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‘The Den’ takes a creepy view of online chat

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The Den

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The new horror movie “The Den” has been popping up on VOD in various markets across the country for the past weeks, and it’s an effective little thriller, perfect for watching on your TV or computer screen. It’s about a young woman who’s studying social media online through a video chat platform called “The Den”. And it isn’t long before she’s witnessed a murder online. It’s a “Rear Window” for the modern age, a cautionary tale about voyeurism and invasion of privacy.

Elizabeth (Melanie Papalia) is a grad student who’s just been given a grant for her thesis project involving the study of social interactions online. And each time she goes into ‘the Den’ she becomes exposed to all sorts of video feed shenanigans from the weirdo’s she encounters. There are horny teen boys asking to see her boobs, costumed freaks looking to shock innocents, and other assorted creeps you don’t want to meet online or in a dark alley. It’s a fascinating microcosm of the human condition, and Elizabeth becomes obsessed with discovering more and more of it.

One day she witnesses the horrible torturing of a young woman who’s bound and gagged. Elizabeth starts to panic, wanting to help but unable to do so. All she can do is watch helplessly as a masked abductor cuts the woman’s throat. Elizabeth is horrified and calls the police. And even though she can replay the ‘snuff’ tape, the cops think it could very well be just a viral prank.

It’s a clever set-up, asking if anything that Elizabeth encounters is the genuine article? After all, haven’t we all fallen victim to online pranks, be they fake ghosts or Jimmy Kimmel’s twerking fire starter (http://usat.ly/1iMCMTN)? “The Den” is savvy about its subject, and director Zachary Donohue has a great flair for all the technical details to make it seem like we’re watching this online as well.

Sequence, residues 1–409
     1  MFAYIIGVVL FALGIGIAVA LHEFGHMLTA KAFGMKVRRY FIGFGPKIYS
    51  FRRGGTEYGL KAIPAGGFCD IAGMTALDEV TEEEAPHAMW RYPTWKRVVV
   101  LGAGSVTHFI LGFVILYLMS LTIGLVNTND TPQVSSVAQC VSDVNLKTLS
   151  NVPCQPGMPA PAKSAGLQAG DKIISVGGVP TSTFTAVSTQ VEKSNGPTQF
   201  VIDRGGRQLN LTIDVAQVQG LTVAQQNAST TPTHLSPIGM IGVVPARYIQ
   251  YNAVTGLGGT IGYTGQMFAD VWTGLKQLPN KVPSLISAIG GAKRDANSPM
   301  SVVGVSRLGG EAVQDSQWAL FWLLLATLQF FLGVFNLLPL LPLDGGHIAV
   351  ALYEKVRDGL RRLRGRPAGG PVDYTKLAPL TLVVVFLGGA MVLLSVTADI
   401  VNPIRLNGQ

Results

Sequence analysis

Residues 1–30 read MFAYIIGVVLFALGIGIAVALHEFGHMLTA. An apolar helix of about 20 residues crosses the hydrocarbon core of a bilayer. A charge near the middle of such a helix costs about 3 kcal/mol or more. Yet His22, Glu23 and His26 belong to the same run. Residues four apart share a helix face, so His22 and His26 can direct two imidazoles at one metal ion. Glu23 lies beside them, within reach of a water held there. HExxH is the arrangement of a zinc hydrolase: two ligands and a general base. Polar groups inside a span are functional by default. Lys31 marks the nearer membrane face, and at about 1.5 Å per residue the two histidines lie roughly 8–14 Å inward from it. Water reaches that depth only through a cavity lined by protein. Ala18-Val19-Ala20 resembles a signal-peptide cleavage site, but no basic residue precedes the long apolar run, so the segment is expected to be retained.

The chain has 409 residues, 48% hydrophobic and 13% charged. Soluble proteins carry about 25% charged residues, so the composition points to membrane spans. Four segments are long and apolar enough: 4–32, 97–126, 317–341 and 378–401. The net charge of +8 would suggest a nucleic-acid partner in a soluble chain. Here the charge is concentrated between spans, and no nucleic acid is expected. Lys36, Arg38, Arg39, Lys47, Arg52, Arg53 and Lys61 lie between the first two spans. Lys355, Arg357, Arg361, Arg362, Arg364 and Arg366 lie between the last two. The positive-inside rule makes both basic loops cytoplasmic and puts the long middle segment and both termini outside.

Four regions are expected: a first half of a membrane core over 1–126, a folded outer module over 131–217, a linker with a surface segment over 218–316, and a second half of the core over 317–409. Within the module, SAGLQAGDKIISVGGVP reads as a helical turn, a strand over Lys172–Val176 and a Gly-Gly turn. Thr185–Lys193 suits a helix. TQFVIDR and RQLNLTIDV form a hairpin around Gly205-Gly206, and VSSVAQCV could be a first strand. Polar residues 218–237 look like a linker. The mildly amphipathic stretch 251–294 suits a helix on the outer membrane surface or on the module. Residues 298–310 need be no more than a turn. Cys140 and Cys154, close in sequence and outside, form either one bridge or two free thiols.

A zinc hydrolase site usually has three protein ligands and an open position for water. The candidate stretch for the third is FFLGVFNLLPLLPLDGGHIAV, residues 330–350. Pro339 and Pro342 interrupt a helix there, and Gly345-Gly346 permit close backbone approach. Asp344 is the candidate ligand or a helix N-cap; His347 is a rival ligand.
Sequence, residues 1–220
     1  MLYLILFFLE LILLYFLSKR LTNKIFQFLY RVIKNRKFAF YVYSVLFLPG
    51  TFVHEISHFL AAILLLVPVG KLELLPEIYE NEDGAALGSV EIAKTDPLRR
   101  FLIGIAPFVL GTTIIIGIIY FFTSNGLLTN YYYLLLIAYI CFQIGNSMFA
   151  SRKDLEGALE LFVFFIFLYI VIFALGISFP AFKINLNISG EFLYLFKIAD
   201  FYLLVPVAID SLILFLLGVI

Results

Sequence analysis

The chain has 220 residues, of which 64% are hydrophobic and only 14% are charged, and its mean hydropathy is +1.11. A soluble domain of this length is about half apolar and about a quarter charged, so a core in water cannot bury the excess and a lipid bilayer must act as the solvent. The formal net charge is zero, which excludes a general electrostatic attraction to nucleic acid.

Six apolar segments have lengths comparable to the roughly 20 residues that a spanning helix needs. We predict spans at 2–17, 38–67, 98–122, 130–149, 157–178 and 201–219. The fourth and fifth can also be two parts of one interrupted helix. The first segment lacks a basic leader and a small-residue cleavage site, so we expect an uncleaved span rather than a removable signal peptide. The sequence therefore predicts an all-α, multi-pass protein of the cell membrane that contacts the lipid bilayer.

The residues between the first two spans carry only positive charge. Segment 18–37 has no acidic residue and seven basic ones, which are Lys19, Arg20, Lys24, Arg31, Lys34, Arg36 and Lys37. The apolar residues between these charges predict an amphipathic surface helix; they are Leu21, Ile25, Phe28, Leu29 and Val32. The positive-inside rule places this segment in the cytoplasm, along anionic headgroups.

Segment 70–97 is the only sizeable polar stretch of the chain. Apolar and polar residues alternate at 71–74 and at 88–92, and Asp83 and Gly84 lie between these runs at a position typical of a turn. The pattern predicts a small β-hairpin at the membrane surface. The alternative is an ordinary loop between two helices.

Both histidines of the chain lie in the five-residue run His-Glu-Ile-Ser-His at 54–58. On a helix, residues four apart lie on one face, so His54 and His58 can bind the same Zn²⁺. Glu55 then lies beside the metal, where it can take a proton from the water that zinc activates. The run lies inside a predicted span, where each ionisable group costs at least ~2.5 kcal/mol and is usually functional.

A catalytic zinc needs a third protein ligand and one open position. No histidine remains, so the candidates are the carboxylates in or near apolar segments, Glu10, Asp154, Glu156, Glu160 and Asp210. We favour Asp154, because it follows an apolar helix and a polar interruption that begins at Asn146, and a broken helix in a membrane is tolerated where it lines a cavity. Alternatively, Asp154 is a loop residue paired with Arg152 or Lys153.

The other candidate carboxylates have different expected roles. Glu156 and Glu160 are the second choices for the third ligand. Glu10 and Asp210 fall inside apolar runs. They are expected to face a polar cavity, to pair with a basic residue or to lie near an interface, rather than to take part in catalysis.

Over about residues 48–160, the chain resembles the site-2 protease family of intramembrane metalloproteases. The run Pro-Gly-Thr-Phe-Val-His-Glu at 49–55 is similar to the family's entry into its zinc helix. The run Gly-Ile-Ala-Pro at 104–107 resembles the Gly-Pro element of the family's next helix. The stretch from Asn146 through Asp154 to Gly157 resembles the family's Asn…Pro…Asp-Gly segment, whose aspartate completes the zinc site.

He’s helped greatly by Papalia’s terrific lead performance. She keeps her character likable even when she blows off friends she’s ignoring to concentrate on her work. Papalia has open, earnest eyes that are great conduits for our eyes. And they register all the sights she sees, from the sublime to the ridiculous to the chilling. It’s sharp work, with her face having to do almost all the acting for her.

Then Elizabeth’s study takes a turn for the worse when her computer is hacked. Of course it’s the girl’s killer. And he’s now set his sights on her. He films our heroine without her knowing. He sends a video of her lovemaking with her boyfriend out across the Internet. And he even starts targeting her friends with online pranks and dangerous ‘house calls’.

The script by Donohue and Lauren Thompson keeps most of this ‘found footage’ film from becoming too unbelievable and they manage to find very clever ways for her to keep filming. I wish the same could have been said for most found footage horror (http://uproxx.it/1fWMsLp). The breadth of her experiments ensures she films even when she goes out, though it’s done through her camera phone. And Donohue’s cinematographer Bernard Hunt shoots all the action, inside and out, with realism and a nail-biting sense of tension.

On occasion the storytelling blunders into some unfortunate plot holes and illogic. Would Elizabeth’s best friend really walk into a potentially dangerous and darkened apartment alone and unarmed? Would a policeman be so blithely unaware of his surroundings as to be ambushed, even though Elizabeth is warning him that someone’s creeping up behind him? Would Elizabeth stay in her apartment for one second after intruders have compromised it?

These errors in filmmaking judgment don’t ruin the film, but they do keep it from being a truly top-drawer horror entry. Still, “The Den” does so much right that it’s definitely worth your while. And it’s got a surprising and satisfying ending that is sure to give you the heebie jeebies and ensure sequels as well. It also comes close to setting a record for brevity, clocking in at just 81 minutes. And that’s with its end credits. Heck, you’ve wasted more time than that surfing online, haven’t you?

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